The singular feminine noun bottarga (pronounced bot-TAR-ga) sounds a lot like bottega, but refers to something completely different. Nicknamed il caviale del Mediterraneo [the caviar of the Mediterranean], la bottarga is salted and dried roe (fish eggs).
Especially in Sardegna [Sardinia], where about 150 tons are consumed every year, Italian bottarga is a delicacy that can get quite pricey, at an average cost of 12 Euro per 100 grams (upwards of $50 a pound) within Italy.
Bottarga is usually sold as dry, elongated amber-colored sacs, containing the eggs of either mullet or tuna. A mullet can grow to 30 inches long, so the ovarian sacs extracted from the fish are often 4-8 inches long. After they are removed, the sacs are salted, pressed and dried, then packaged for sale.
Many believe that the Phoenicians were the first to start the bottarga trend about 3,000 years ago. The origins of the word bottarga have been traced to بطارخ, an Arabic word pronounced more or less as “batahrikh“. Historical records from Medieval times stow that bottarga appeared on the dinner tables of France, Spain, Egypt and Italy. Today, this same delicacy is prepared and eaten in other European and Asian countries where mullet are caught: in Greece it’s called avgotaraho, in Taiwain it’s called wuyutsu, and in Turkey it’s called haviar.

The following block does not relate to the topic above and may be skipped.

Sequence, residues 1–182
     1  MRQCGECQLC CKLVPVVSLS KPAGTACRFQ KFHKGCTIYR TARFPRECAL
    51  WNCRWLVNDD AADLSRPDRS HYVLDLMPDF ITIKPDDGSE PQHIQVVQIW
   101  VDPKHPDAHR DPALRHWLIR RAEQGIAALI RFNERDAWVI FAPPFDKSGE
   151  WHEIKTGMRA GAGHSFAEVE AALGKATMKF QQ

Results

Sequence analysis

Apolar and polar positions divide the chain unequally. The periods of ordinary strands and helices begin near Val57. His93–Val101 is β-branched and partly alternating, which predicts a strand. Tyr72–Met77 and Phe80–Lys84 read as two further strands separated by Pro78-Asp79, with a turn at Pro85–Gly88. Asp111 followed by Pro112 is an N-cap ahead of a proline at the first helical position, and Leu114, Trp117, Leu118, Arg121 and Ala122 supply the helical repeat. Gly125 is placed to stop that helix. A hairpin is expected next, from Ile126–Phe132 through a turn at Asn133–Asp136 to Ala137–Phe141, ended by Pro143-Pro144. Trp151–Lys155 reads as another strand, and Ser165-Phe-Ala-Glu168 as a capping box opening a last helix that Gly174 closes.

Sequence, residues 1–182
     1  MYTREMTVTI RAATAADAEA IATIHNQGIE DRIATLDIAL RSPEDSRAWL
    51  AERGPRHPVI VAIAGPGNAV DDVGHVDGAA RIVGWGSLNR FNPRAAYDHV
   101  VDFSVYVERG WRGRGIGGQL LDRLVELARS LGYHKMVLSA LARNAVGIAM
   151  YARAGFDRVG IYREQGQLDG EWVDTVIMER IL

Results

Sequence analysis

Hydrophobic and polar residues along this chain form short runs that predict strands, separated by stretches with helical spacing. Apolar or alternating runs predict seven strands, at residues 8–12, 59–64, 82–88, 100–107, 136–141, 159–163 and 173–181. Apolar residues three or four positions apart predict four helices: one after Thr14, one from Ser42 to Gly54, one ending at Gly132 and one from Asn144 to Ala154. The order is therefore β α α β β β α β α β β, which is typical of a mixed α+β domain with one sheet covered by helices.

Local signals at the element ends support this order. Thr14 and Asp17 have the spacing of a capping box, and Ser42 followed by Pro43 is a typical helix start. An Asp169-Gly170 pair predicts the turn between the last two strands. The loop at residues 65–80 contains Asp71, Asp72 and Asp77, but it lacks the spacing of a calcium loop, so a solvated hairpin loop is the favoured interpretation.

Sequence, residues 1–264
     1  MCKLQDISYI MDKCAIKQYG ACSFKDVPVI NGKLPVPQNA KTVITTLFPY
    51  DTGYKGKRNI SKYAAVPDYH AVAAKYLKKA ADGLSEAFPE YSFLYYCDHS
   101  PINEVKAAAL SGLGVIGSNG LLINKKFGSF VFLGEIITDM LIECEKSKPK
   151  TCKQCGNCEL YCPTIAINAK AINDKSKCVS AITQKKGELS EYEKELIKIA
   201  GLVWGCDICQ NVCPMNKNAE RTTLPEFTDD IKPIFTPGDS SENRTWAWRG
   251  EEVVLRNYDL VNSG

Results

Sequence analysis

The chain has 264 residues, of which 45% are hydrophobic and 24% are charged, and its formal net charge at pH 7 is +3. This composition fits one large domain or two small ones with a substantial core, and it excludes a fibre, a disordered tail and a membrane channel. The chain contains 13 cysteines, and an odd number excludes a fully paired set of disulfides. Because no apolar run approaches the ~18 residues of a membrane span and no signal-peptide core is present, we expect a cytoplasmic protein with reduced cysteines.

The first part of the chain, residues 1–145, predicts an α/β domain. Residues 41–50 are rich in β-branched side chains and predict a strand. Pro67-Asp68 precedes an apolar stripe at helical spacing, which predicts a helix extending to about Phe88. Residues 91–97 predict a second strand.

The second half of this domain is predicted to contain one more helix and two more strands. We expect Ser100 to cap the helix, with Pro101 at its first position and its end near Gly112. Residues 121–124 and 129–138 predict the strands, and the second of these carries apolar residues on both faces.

This ingredient is used in spaghetti alla bottarga, a recipe which calls for the roe to be grated and then sprinkled over the noodles. La bottarga can also be eaten alone, cut into slices and dressed with olive oil. If you’re interested in further exploring this unique product, a summer sagra [food festival] devoted to la bottarga recently began in Castiadas, Sardegna.
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